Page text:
Keep Your People Producing

As you look at any of the machine tools on display at IMTS, you may ask yourself, Does my shop have the work it will take to keep this machine cutting? Don't answer yet. Instead, pause to consider whether that's the right question.

Columns From: 8/1/2000 Modern Machine Shop, ,

As you look at any of the machine tools on display at IMTS, you may ask yourself, Does my shop have the work it will take to keep this machine cutting?

Don't answer yet. Instead, pause to consider whether that's the right question. For many shops, a better question may be this one: Are there operators or machinists in my shop right now who could work more efficiently if they had this machine available?

I can understand the habit of asking question number one. At one time, whenever I visited a shop, I would make a point of counting how many machine tools were actually making chips. Counting these machines seemed like a good way to measure efficiency. Assuming the shop had enough work to go around, the proportion of machines that were in-cut would indicate how effective that shop was at keeping the work flowing. Or so I thought.

For many shops, this measure of efficiency is exactly right. However, there are many other shops—perhaps a growing number—in which the picture of effective asset utilization has changed. The reason has to do with economics. While the cost of many types of CNC machines has come down, other costs have not.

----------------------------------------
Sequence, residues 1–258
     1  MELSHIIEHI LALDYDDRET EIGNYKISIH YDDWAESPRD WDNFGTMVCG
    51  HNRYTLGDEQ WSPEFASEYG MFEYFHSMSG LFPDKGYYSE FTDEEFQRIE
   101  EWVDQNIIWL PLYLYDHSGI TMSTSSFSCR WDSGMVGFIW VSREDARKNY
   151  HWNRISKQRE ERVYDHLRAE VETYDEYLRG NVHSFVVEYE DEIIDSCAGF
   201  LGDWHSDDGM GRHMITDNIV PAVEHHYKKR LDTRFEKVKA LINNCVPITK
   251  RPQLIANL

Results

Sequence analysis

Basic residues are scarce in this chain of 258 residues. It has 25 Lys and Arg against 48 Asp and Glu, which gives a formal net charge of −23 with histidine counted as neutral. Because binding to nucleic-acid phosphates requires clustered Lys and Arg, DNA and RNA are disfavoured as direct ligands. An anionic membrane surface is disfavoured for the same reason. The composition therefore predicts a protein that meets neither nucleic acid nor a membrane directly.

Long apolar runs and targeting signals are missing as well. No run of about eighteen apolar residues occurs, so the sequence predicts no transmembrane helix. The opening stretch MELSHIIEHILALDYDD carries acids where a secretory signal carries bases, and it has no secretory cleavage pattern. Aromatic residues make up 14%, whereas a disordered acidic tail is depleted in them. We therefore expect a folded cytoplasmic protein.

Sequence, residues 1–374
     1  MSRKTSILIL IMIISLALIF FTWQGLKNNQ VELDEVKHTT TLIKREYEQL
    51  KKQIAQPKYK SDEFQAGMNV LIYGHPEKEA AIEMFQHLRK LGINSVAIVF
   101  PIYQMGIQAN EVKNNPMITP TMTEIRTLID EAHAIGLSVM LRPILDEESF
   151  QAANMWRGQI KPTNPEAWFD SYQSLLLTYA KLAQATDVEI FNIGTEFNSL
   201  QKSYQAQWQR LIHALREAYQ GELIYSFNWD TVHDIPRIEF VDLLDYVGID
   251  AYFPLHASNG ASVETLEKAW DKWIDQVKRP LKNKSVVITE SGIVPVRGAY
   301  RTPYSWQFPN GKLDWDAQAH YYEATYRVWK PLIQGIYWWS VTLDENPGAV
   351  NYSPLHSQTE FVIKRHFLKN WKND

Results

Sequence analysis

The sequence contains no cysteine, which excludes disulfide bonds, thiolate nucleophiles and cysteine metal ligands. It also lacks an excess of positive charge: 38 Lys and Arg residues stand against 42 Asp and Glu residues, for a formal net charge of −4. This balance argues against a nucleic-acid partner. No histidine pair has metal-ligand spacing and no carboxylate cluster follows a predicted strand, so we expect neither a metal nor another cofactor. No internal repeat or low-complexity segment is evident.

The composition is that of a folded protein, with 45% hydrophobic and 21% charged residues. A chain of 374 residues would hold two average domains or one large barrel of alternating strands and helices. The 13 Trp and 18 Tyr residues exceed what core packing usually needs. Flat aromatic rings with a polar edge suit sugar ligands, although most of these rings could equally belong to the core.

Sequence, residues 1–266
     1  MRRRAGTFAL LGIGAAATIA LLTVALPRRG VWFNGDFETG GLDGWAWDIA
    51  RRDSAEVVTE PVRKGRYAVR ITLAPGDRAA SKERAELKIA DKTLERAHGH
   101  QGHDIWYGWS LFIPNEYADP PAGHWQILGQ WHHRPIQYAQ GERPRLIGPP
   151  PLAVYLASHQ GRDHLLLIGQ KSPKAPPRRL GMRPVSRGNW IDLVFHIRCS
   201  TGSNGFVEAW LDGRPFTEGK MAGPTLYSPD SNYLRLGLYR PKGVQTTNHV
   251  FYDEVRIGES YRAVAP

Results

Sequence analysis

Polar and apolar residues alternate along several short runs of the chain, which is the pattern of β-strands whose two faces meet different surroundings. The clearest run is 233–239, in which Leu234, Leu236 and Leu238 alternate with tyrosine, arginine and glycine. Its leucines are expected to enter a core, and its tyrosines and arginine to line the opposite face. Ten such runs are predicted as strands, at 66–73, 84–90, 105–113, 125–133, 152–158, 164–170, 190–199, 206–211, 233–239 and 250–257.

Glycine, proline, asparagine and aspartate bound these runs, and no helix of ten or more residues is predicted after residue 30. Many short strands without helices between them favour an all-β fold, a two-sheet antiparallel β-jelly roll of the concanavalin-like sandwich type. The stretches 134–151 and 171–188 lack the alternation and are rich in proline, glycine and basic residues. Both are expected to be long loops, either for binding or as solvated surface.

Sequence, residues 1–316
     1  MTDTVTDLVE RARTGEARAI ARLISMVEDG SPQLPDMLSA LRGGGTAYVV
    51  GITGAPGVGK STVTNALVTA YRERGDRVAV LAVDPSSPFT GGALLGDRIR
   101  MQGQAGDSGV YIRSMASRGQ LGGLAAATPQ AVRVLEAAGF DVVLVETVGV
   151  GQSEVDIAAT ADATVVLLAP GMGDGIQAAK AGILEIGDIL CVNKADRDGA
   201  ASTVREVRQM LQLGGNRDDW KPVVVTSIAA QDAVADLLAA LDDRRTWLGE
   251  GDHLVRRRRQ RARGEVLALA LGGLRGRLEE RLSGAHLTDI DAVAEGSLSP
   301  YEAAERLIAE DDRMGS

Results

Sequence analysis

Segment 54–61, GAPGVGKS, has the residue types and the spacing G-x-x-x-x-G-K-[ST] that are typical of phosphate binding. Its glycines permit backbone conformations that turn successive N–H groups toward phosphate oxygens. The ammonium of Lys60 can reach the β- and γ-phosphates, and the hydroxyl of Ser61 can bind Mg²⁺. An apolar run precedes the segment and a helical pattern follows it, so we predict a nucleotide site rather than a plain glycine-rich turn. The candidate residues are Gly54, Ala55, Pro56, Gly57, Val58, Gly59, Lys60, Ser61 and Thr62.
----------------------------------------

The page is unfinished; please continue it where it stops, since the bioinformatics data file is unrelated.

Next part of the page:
How much the cost of some machines has dropped was apparent to me the day I visited a shop that had a vertical machining center 15 or more years old running across the aisle from a VMC only 1 year old. The two machines were comparable in terms of size and power, but according to the shop owner, the newer machine's purchase price was less than half of what the older machine's price had been. And that's before allowing for inflation.

Meanwhile, that same shop owner had seen other costs dramatically rise. Labor costs in particular have gone up—at this shop and throughout the industry. With fewer people choosing vocations in metalworking, the ones who remain command greater compensation.

All of this helps to explain why a machine may be a good buy today even if it will see a level of idle time that would have been too costly in years past. With the cost of machine hours going down and the cost of labor hours going up . . . a little machine idle time may be a bargain if the corresponding in-cut time lets skilled personnel work more productively.

Effective asset utilization is still the goal. However, when you think in these terms, think first about which of your shop's assets are truly the most expensive.

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